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Substitute teachers work on an as-needed basis to fill in for classroom teachers who are otherwise unavailable. In order to work as a substitute teacher, you must meet the teacher approval guidelines within the state. Certification guidelines vary from state to state. Since some school districts employ even stricter guidelines than the state mandates, contact the school department in each town you want to teach in.
Although educational requirements vary, every state requires substitute teachers to have at least a high school diploma or a general education diploma. In some states, such as Arizona, California and Ohio, substitute teachers must have at least a bachelor's degree. In states such as Alabama, Delaware, North Dakota and Washington, substitute teachers are held to the same standards as full-time classroom teachers and must hold certification in order to work within a school.
Although most states require a college degree to become a certified substitute teacher, there are no specific degree requirements. Those individuals who aspire to earn their full teaching credentials in the future, should take a teacher training program from an accredited college or university.
The Application Process
Contact the school department in the district in which you want to work for precise instructions on applying for substitute teacher certification. District officials will tell you the exact substitute teaching requirements in the district and whether certification is a requirement of all working substitutes. In addition to completing a certification application, most states also require an application fee and a background check. In some districts, a competency exam and a physical exam are required.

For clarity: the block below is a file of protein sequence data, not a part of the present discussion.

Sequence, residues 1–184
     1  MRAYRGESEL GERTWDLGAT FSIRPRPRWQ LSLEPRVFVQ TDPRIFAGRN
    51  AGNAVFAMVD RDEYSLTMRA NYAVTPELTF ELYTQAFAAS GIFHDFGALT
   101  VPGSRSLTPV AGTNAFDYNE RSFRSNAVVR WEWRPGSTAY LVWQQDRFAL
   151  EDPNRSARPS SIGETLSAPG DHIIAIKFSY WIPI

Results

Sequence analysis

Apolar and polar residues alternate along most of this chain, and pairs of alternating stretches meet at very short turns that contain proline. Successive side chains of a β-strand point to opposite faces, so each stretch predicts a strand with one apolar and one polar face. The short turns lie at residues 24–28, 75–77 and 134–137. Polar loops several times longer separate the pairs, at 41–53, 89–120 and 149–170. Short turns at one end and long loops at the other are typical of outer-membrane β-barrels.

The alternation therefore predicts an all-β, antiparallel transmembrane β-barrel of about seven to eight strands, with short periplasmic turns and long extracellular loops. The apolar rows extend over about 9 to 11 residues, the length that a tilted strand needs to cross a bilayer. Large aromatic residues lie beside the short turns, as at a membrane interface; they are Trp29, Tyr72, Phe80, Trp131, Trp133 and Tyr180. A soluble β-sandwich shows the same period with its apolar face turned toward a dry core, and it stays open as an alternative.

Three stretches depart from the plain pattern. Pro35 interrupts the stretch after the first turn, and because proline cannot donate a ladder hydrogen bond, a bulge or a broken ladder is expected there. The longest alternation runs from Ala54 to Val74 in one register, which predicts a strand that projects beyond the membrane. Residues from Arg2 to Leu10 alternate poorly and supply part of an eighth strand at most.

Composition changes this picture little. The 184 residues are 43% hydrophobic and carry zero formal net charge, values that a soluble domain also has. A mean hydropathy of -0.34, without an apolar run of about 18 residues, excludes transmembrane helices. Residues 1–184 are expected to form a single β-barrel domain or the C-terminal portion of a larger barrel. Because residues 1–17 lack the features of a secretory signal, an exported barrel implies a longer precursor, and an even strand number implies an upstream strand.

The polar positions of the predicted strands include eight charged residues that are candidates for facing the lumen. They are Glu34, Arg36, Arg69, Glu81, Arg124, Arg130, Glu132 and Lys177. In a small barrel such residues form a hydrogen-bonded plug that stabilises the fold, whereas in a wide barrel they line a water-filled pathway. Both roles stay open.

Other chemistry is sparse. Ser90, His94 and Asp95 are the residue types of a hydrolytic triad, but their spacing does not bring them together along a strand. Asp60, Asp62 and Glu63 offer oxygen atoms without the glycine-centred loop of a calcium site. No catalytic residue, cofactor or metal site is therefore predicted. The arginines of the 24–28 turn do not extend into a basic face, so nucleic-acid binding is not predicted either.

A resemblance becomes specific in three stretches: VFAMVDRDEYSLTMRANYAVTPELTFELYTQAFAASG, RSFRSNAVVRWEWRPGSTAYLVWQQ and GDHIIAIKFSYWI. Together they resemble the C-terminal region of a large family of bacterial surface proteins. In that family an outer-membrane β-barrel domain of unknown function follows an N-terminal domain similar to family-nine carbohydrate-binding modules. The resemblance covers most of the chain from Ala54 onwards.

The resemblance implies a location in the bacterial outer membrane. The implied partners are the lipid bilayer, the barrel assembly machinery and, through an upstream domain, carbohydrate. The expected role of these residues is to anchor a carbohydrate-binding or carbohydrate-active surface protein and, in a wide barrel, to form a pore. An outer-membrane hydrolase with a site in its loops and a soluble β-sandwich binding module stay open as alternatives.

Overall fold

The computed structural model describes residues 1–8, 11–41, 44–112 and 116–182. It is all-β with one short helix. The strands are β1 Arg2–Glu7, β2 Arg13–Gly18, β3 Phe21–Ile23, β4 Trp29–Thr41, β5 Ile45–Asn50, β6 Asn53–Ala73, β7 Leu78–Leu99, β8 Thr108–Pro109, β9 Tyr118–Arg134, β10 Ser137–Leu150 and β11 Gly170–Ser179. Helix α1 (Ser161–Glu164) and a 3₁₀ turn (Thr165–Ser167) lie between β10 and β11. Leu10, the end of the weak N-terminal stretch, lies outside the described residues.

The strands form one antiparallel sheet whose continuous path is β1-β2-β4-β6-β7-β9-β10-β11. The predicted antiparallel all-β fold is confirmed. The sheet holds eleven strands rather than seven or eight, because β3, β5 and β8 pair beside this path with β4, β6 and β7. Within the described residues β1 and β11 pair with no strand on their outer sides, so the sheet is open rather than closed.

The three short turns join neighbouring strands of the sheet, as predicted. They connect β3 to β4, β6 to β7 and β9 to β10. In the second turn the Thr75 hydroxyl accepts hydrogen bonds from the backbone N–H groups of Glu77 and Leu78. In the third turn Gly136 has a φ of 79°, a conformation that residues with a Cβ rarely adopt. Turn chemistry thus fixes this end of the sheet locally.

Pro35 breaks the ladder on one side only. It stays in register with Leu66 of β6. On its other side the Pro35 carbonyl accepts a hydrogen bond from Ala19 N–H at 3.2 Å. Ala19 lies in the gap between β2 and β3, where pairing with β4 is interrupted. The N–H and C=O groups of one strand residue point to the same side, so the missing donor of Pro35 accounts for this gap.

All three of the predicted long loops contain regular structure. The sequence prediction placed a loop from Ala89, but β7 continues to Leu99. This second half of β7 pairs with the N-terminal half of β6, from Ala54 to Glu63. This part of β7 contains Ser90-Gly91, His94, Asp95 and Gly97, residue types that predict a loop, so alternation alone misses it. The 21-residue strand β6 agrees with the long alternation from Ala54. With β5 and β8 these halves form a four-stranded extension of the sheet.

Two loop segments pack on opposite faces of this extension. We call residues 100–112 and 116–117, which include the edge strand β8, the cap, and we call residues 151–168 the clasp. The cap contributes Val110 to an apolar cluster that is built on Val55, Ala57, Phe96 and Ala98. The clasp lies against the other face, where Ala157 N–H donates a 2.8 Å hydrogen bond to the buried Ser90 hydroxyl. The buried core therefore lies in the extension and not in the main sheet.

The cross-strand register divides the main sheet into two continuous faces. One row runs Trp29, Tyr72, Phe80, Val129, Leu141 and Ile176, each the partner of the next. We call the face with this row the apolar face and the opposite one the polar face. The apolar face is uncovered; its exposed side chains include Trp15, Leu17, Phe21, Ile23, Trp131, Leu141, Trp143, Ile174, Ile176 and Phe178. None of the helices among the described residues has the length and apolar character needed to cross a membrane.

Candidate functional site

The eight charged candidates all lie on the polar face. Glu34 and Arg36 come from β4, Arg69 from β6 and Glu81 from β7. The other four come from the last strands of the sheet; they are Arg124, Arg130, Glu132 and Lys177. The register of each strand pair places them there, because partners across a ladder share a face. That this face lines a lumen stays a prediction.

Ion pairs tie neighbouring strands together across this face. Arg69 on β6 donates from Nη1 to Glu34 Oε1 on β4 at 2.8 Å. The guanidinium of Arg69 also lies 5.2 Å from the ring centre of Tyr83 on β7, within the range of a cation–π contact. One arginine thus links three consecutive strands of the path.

Although certification is not always required, it is generally beneficial for substitute teachers to pursue certification. In addition to making them more sought after by school districts, certification often results in a higher wage. In Alaska, for example, certified substitute teachers earn an extra $20 to $40 per day than substitute teachers without credentials. While most states have a sliding scale for substitute teacher wages, certified teachers generally can expect wages on the highest end of the scale.
Earning a substitute certification in one district does not give you the freedom to teach anywhere. Because requirements often vary from district to district, you may need to obtain multiple certifications in order to teach in different school districts. This rule applies to substitute teachers who want to work in neighboring states; just as full-time teachers must obtain certification in each state they work in, so do substitute teachers.
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Lynn Burbeck is a professional writer with over five years of experience writing for the Web. She has published numerous articles for print and online media including "Grit" Magazine. Burbeck holds a B.A. in journalism and political science.